A Place at the Table: It's Not a Film, But a Transmedia Project

Mar 06, 2013 | Updated May 06, 2013

My family and I just viewed A Place at the Table, and it is one of the most exceptional documentaries we have seen in recent times. The film should be celebrated not only for its striking portrayal of hunger in the United States, but also for its innovative use of networked and social media.

A Place at the Table was simultaneously released in theaters, iTunes and On Demand. It was in the last format that we were able to view it. The producers' innovative approach does not end here. At the end of the film viewers are invited to text "food" to 77177. We did and we quickly received a couple of text messages. The first explained that more messages with updates on the project would be sent unless one texts "stop." The second message asked to take action by learning more about hunger in one's locality. This can be done by entering a zip code, which is then followed by a text that provides the number of people affected by hunger in one's state. We live in Pennsylvania, so we received a message stating that 1,850,140 individuals don't always have enough to eat in the state. In the same message a link is available to the website, which we visited and learned more about the project.

I was struck by how quickly we became involved. My wife posted information about the film on Facebook, and I also posted a note on my Twitter account. All this felt quite natural to us. And we found ourselves reading more about the film and hunger online long after we discussed it among ourselves.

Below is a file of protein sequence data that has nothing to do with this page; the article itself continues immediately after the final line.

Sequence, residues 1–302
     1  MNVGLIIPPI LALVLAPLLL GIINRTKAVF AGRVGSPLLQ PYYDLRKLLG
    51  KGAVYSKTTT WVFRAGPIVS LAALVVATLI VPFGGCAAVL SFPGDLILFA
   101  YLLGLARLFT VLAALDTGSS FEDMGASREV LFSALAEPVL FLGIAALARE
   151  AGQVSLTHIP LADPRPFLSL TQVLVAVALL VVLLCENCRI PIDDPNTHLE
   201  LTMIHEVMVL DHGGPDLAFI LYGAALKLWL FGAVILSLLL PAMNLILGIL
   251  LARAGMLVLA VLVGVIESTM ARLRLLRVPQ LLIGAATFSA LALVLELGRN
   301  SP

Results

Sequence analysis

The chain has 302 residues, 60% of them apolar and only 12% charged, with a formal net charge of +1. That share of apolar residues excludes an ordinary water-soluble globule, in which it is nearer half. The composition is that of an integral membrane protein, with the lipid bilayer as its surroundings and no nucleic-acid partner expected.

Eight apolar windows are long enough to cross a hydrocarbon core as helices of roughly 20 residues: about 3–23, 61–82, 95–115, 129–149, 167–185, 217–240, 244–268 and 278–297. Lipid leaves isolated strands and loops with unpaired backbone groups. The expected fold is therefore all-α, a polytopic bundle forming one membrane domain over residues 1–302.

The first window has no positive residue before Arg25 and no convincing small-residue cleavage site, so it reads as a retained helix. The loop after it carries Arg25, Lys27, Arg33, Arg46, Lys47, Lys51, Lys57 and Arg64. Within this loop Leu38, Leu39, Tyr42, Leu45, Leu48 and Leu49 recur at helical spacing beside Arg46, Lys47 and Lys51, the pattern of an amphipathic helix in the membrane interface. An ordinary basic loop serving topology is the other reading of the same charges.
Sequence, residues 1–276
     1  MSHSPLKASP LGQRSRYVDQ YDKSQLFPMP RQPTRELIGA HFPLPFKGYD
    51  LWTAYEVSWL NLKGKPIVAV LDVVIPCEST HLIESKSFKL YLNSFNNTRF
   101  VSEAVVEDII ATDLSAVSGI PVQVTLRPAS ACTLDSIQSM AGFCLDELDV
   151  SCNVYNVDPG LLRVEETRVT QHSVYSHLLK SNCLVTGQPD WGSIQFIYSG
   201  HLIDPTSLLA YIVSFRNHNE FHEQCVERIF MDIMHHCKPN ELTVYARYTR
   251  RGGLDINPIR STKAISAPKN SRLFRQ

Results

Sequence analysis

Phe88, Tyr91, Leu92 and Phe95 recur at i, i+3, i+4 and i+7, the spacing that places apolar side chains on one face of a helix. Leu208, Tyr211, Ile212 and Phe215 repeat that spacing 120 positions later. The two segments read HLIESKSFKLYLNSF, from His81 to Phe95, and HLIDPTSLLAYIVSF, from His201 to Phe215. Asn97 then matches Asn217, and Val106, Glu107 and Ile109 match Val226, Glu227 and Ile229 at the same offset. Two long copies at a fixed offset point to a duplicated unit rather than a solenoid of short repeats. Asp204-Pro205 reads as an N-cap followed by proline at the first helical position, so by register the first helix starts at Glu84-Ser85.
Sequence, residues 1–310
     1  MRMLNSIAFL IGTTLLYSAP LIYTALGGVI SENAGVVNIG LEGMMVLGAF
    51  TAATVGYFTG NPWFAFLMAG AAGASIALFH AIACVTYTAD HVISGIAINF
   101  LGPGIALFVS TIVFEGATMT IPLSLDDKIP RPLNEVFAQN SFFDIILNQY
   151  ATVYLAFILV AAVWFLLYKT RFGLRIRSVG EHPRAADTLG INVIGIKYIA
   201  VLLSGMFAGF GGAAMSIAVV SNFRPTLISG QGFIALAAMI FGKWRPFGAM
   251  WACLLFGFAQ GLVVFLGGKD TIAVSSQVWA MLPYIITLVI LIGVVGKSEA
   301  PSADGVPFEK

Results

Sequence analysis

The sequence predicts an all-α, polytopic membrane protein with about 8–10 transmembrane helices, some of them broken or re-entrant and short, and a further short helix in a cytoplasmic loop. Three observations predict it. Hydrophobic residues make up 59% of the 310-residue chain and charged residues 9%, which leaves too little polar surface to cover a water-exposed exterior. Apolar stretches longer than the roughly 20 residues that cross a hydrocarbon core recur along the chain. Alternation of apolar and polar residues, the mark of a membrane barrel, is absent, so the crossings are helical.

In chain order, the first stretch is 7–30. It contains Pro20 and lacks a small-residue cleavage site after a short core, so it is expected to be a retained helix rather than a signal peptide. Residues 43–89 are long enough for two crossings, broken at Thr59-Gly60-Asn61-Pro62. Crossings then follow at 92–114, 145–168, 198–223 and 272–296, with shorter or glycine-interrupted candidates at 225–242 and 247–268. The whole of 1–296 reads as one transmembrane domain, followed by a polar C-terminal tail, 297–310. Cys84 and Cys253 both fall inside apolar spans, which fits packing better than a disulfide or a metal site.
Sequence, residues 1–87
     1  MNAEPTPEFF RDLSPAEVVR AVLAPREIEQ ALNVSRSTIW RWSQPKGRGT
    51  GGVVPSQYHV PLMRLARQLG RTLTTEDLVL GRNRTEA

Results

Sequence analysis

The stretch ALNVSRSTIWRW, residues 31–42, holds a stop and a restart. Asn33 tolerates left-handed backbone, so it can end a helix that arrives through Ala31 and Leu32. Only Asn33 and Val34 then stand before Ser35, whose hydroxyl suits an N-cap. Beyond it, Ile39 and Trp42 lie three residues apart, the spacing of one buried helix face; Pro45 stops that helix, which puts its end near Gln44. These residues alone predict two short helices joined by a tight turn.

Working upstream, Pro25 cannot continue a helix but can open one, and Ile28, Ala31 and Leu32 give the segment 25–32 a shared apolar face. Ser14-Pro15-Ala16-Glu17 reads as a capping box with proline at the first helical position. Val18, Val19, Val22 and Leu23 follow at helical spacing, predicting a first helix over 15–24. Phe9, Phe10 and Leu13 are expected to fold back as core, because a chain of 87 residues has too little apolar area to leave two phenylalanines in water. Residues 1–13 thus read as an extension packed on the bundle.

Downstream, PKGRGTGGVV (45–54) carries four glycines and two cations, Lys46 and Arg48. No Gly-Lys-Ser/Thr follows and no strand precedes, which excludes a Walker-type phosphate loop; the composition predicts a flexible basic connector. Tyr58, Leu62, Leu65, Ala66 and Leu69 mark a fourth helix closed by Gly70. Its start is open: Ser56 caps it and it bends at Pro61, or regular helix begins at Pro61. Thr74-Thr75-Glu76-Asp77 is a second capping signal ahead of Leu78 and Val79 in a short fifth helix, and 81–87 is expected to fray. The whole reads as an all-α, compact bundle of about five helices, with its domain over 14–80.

As I reflected on all this, I also realized that the film is more than anything else part of a major transmedia project -- meant to cross over all possible forms of communication, especially social media.

And I also wondered how effective A Place at the Table could be in comparison to Hunger in America, a documentary produced and broadcasted by CBS in 1968, which exposed the problem of hunger in the United States, particularly in the Mississippi Delta. The CBS documentary is actually featured in A Place at the Table to contextualize the events that have led to the current staggering number of 50 million people who suffer from hunger.

A Place at the Table goes over the history of successful food programs implemented during the Nixon administration. These programs came about soon after the CBS documentary was broadcasted. During the '80s and early '90s, as successful as they were, the programs began to be defunded leading to our current dire situation. Jeff Bridges, who has been an activist against hunger since the eighties, expresses some hope towards the end of the film, stating that perhaps things had to get this bad so that they can get better.

One can only hope that Bridges is right, although there are new obstacles to overcome this time, such as the misconception that people who are on food stamps and other programs such as WIC (Women Infants and Children) are getting a free ride and that they should fend for themselves. This idea is linked to conservative views, which at the moment are so extreme that they have led Washington to an impasse. The result is that hardly anything is getting done in congress. The most recent manifestation of this is, of course, the sequester.

A Place at the Table is not only a touching documentary, but more importantly an exceptional transmedia project, which one can hope will be more than just an educational experience for people with very different and even opposing point of views throughout the United States. The documentary makes clear that the country must come together to deal with hunger. A Place at the Table explains as clearly as possible that all children must be well fed because this is a real investment in the future of the United States. With the power of social media one must do everything within reach to make sure that Congress hears our concerns, just like people wrote and called their representatives in 1968 after they viewed Hunger in America.